Indianapolis — David Letterman has a new No. 1 on his personal Top Ten list of reasons he loves the Indianapolis 500.
The freshly retired Letterman was all grins early Sunday as his IndyCar team paid tribute to the former “Late Show” host by putting a gap-toothed, smiling caricature of his face and #thanksdave on driver Oriol Servia’s yellow car for the big race.
“With everything that’s happened, it’s the highlight of my career,” Letterman said. “It’s crazy it’s the Indianapolis 500. Regrettable my face, but also my name on that car. It’s just delightful.”
Letterman was dressed in a red shirt with a race sponsor “Steak ‘n Shake” logo. He promised Servia he would buy the burgers with an Indy win, but he can save his cash for retirement: Servia was knocked out of the running with an accident just past the halfway point of the race.
But the race wasn’t a total bust for the team, with Graham Rahal finishing fifth in the Indy 500.
“He assured me he would be around the track a lot more,” Rahal said of his usually absent owner. “At this stage in his life, he can enjoy himself a little bit and hopefully that means enjoying IndyCar racing.”
Letterman was born and raised in Indianapolis, spending his younger years in the Broad Ripple section of town. He went to Ball State in Muncie, Indiana, and early in his career served as a pit reporter for ABC; search on YouTube for his interview of Mario Andretti after the former champion crashed out of the 1971 race.
Letterman got into team ownership in the 1990s with former Indy 500 champion Bobby Rahal, and businessman Mike Lanigan came aboard to form what is now Rahal Letterman Lanigan Racing. Letterman struck a friendship with Rahal after the retired driver appeared on his show after winning the 1986 Indy 500.
Letterman could have filled an Indy 500 starting grid with all the series drivers he had on the show. Graham and Bobby Rahal were guests on “The Late Show” and the Indy 500 champion usually brought along the Borg-Warner Trophy.
“I’m just really pissed off because he finished this week,” Servia joked. “He couldn’t wait until next week? Because usually the winner goes to his show.”
Not this time, not after a that crash marred what had been a fun morning for the former host.
It was easy to find the Rahal Letterman Racing spot in the Indianapolis Motor Speedway paddock: There was a red “Late Show with David Letterman” sign and the same grinning caricature that was featured on Servia’s car. Team members wore gray T-shirts with their own “Top Ten” list of reasons they love Letterman. Among them: Cries on the parade lap.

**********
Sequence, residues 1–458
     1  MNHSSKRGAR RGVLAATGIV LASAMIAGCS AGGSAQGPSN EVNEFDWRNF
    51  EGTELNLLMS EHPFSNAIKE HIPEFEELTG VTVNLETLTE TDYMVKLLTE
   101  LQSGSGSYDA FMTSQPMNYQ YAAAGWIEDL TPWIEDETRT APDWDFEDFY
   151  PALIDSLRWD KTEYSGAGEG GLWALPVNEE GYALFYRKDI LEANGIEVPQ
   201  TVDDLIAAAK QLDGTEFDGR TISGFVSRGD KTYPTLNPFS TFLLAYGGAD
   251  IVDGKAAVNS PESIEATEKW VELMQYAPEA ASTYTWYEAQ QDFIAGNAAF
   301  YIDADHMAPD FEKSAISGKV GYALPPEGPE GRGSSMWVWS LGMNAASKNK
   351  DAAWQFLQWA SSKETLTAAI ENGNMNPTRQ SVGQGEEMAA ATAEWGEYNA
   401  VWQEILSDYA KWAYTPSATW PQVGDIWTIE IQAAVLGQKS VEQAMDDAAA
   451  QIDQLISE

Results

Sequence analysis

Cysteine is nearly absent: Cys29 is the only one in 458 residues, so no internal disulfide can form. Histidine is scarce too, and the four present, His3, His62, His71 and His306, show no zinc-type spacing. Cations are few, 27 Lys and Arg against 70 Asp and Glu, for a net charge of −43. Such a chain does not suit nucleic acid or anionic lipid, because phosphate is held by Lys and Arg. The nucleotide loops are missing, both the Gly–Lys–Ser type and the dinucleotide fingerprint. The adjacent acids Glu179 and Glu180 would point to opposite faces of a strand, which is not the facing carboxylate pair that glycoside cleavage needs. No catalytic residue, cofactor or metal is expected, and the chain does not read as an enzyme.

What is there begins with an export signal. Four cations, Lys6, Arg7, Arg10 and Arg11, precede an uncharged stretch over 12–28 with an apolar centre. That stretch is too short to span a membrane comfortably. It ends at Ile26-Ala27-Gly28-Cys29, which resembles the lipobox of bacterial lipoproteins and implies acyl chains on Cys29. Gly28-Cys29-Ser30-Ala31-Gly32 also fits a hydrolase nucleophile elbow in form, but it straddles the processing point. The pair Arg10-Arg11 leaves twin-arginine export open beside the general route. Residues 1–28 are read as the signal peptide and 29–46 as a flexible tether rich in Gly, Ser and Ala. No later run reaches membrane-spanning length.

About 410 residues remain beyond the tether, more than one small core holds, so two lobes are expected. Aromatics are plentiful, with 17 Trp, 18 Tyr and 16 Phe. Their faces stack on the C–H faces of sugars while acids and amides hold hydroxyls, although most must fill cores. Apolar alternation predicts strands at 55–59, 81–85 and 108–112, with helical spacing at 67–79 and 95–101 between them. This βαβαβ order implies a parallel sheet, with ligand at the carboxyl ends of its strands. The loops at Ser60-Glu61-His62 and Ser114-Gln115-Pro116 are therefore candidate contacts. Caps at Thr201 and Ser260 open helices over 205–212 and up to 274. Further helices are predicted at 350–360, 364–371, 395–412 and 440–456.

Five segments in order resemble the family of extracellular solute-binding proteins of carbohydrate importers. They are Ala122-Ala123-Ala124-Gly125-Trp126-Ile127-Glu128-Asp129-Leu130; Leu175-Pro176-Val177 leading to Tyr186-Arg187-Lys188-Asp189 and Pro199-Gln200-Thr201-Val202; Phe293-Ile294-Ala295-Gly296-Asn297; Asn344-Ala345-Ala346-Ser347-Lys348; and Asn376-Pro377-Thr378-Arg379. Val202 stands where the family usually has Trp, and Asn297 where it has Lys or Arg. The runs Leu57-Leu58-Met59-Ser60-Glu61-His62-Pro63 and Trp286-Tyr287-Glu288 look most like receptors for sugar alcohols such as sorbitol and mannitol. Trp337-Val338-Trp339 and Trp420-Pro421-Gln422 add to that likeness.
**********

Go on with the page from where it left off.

Letterman was relaxed as he strolled through Indianapolis Motor Speedway, even inviting one fan over a barrier to sign autographs.
“Are you nervous?” Servia asked.
“No, I won’t be nervous until they start ‘em up and then I just get crazy nervous,” Letterman said.
Not wanting to get left out of the father-son bonding of the Rahals, Letterman claimed Servia as his own offspring.
“Yes, I sent away to one of those genetic testing places where they do the swab and it turns out he is in fact my son,” Letterman cracked. “Bobby and Graham are father and son. Oriol and I are the same.”
Letterman ended his 33-year career as a late-night television host Wednesday. He presided over 6,028 broadcasts on CBS and NBC, making Top 10 lists and ironic humor staples of television comedy. Letterman joked that he needed “some kind of intravenous medication” to recover from the grind of the final weeks of his show.
“Then the next day you feel a little bit better, and the next day you feel a little bit better,” said Letterman, whose team won the race in 2004 with Buddy Rice. “Now here we are. This is the pressure-cooker.”
Letterman said he would watch the race from pit lane. At least he could find a seat, unlike the ones that were stripped from the Ed Sullivan Theater. Parts of Letterman’s set from his show’s home were quickly dumped in the trash and scooped by fans.
“Not only did they take the set and tear it up, they took all the seats out of the theater two days later,” Letterman said. “What that does is remind you that it’s show business. It’s just show business. Thirty-three years, what do I care. Let them take the seats out, let them do anything they want. I wish Stephen Colbert nothing but the best.”
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